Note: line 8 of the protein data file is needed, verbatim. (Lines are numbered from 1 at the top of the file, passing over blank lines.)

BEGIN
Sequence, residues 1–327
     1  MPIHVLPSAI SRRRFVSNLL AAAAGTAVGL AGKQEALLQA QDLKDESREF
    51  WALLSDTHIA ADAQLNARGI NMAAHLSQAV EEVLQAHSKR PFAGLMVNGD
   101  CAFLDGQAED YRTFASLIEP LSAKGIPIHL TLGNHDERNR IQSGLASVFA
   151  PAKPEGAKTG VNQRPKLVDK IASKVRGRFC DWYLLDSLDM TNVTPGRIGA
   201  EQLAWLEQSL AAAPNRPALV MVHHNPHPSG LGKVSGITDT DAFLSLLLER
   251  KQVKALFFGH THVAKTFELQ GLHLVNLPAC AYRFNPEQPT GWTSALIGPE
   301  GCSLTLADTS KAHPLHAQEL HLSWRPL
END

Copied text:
   301  GCSLTLADTS KAHPLHAQEL HLSWRPL